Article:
The Ingenuity folks at NASA and lots of viewers on the internet I'm sure were pleased to see the first data from "the first flight of powered aircraft on another planet" (by humans at least); the output of the helicopter's altimeter.

Question: How does Ingenuity measure its altitude when flying? How does its altimeter work? Air pressure? Lidar? Laser displacement? Radar? Gamma rays? Something else?

Screenshot from the new NASA video First Flight of the Ingenuity Mars Helicopter: Live from Mission Control

enter image description here


1 Answer 1


From multiple sites, but for the following quote, ScienceMag.org references a laser altimeter: (emphasis mine)

The data began to trickle in at 6:40 a.m. ET, relayed by the Perseverance rover to orbiters above and back to Earth. Cheers erupted 12 minutes later among Ingenuity’s small team of engineers and scientists when confirmation of a successful flight came, first from a laser altimeter showing that the helicopter had risen about 3 meters in the air. That data was followed by a picture from a camera on the helicopter's belly, showing its shadow directly below on the surface.

Additional research would indicate that the laser altimeter is a Garmin LIDAR-Lite V3. From the linked site:

So how is Garmin involved? Our technology — LIDAR-Lite v3 — will be measuring the distance from the helicopter to the ground. Ingenuity’s flight altitude goal is to get up to 15 feet (or 5 meters) from the surface of Mars for a flight lasting up to 90 seconds.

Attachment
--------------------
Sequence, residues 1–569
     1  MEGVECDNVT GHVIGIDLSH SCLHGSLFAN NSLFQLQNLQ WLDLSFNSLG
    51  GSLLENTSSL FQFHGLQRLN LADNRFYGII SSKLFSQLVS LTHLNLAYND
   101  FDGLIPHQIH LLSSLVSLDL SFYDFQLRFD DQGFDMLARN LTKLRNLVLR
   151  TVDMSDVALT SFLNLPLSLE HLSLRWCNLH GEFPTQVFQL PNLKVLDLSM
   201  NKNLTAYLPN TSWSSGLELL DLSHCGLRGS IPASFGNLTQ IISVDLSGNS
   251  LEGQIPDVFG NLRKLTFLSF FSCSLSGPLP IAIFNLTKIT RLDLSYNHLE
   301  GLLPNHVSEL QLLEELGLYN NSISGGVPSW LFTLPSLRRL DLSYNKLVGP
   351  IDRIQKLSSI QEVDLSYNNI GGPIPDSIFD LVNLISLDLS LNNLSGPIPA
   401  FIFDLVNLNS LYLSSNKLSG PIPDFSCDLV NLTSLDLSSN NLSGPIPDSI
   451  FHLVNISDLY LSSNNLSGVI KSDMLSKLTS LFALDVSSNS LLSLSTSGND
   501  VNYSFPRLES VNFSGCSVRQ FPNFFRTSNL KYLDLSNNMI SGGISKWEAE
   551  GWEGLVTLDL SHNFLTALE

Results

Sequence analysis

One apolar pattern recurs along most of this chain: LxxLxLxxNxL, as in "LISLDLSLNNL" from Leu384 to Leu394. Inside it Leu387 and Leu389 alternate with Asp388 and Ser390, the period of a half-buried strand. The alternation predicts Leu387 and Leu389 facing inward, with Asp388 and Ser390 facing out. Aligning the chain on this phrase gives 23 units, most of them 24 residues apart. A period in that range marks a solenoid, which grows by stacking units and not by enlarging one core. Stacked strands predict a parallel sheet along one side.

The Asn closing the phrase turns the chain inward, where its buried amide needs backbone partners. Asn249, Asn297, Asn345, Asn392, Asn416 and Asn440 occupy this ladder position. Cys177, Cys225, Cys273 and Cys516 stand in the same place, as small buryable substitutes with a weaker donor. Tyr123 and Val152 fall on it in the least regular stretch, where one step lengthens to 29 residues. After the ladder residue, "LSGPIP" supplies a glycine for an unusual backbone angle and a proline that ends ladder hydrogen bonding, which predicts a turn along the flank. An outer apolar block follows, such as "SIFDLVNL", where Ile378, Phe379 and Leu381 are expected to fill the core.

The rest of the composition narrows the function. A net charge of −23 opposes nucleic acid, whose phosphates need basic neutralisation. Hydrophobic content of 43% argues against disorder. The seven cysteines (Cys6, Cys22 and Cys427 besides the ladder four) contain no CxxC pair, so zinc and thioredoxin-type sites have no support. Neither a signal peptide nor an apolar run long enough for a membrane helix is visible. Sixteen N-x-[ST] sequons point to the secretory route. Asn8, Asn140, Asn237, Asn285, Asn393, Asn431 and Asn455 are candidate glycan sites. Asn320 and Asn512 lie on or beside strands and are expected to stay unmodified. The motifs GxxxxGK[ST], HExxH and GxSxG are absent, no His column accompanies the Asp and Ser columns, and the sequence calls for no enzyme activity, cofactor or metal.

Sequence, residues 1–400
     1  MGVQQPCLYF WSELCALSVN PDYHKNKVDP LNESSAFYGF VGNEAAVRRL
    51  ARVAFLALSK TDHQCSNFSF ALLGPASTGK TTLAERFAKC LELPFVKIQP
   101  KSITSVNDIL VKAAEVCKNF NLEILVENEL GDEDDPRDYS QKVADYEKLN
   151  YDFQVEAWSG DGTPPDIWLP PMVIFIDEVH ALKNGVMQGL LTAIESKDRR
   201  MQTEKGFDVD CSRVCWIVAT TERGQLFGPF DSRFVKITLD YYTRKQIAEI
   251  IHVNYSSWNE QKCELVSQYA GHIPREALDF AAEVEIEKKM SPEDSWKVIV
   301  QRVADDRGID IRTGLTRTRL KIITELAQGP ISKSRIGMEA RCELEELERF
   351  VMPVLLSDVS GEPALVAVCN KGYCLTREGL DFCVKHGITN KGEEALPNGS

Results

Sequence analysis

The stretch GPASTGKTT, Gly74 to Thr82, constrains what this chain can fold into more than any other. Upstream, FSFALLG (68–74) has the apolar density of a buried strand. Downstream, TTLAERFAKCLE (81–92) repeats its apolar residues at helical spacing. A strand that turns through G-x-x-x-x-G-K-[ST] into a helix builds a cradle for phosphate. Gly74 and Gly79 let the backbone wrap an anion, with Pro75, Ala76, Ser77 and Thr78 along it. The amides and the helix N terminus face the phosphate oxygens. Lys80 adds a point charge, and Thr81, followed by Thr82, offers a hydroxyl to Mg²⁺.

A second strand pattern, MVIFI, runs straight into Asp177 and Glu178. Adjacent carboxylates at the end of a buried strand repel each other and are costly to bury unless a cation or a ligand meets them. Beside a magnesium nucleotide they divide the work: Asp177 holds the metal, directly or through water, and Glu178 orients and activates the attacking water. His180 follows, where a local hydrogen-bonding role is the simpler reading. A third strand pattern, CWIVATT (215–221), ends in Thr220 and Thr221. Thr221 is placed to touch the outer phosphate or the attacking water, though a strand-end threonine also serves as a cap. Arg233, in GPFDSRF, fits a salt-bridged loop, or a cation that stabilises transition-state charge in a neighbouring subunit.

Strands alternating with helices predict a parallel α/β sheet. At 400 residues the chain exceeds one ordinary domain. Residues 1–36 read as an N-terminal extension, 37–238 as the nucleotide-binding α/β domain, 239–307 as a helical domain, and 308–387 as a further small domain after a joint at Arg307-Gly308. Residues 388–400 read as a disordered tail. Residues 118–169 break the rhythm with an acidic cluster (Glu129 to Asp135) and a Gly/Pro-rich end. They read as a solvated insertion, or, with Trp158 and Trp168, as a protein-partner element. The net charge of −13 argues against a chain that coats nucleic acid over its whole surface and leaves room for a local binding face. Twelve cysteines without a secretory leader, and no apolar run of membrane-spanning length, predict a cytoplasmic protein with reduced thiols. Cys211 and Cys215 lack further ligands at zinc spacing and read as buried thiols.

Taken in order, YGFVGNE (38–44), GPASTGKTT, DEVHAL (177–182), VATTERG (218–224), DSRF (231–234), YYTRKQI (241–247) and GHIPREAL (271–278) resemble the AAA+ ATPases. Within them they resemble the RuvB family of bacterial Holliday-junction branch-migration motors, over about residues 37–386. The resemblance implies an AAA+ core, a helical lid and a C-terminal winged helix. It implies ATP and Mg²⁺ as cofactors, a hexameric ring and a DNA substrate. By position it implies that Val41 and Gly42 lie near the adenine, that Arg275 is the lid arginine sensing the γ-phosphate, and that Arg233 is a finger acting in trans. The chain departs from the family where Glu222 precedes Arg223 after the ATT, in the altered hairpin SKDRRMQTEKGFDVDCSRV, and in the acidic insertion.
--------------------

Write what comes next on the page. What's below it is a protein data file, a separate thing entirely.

The link internal to the quote points to a purchase-related webpage: LIDAR-Lite v3 image

  • Weight: 22 g (0.77 oz)
  • Resolution: 1 cm
  • Accuracy: +/- 2.5 cm at distances greater than 1 meter. Refer to operating manual for complete operating specifications.
  • Range: 5 cm to 40 meters
  • Update rate: up to 500 Hz
  • Interface: I2C or PWM
  • Power (operating voltage): 4.75-5 VDC; 6 V Max
  • Current consumption: 105ma, idle; 130ma, continuous
  • Operating temperature: -20 to 60° C
  • Laser wave length/Peak power: 905 nm/1.3 watts
  • $\begingroup$ Thanks for the edit, pretty cool! I hope you don't mind that I added a few of the relevant specifications, feel free to roll back or edit further. $\endgroup$
    – uhoh
    Commented Apr 19, 2021 at 22:57
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    $\begingroup$ I guess that's part of the "off-the-shelf" strategy. Makerspace NASA (or rather JPL). Pretty cool. $\endgroup$ Commented Apr 20, 2021 at 1:41
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    $\begingroup$ So this would be distance from the ground being measured, rather than distance above sea-level, as we're used to from typical earth-bound altimeters. (Makes sense since what would "sea-level" mean on Mars anyhow?) $\endgroup$ Commented Apr 20, 2021 at 14:40
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    $\begingroup$ @DarrelHoffman Altitude above sea-level would depend on the distance between Earth and Mars. $\endgroup$
    – Barmar
    Commented Apr 20, 2021 at 15:04
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    $\begingroup$ Relying on a hobby robotics grade LIDAR on a $3 billion space mission is really cool! ;-) $\endgroup$
    – Kozuch
    Commented Apr 26, 2021 at 13:25

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